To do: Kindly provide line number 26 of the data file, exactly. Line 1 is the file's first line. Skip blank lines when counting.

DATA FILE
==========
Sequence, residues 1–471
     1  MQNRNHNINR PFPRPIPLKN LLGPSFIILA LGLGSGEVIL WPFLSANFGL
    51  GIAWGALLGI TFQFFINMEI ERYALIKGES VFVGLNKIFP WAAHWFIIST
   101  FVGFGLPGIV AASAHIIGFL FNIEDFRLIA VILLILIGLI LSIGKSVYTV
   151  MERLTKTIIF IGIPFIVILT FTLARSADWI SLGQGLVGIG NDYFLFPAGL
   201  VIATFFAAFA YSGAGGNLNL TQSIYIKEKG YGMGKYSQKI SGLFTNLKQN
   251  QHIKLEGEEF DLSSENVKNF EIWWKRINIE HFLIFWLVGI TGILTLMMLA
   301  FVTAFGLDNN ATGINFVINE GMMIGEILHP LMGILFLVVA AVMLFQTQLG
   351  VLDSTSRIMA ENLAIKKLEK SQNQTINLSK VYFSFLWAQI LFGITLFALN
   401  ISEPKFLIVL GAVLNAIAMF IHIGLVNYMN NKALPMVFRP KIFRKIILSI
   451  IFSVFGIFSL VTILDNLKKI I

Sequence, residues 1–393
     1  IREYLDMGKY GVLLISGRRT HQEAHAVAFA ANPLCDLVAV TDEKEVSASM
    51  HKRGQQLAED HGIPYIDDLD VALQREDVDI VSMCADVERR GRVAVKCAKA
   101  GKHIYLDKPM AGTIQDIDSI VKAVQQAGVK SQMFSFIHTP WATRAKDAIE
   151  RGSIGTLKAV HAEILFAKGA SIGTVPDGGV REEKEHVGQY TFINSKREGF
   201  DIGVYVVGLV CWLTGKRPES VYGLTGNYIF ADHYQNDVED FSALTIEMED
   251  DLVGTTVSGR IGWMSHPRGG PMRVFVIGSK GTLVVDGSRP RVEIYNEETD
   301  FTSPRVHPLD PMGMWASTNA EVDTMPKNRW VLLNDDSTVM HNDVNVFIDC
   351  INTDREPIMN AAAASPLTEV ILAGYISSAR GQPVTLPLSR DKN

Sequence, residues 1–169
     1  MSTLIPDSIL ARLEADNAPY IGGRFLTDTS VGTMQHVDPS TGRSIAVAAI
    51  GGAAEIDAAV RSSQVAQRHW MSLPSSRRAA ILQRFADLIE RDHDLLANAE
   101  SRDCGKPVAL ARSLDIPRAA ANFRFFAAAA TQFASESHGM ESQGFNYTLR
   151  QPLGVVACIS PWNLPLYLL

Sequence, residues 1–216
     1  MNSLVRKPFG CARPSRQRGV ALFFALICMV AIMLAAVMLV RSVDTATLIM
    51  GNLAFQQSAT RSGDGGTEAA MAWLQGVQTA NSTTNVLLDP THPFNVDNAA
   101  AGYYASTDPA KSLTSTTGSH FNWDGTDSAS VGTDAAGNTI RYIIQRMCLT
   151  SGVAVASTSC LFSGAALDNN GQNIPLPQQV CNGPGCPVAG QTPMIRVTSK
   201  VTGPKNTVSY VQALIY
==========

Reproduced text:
Sequence, residues 1–216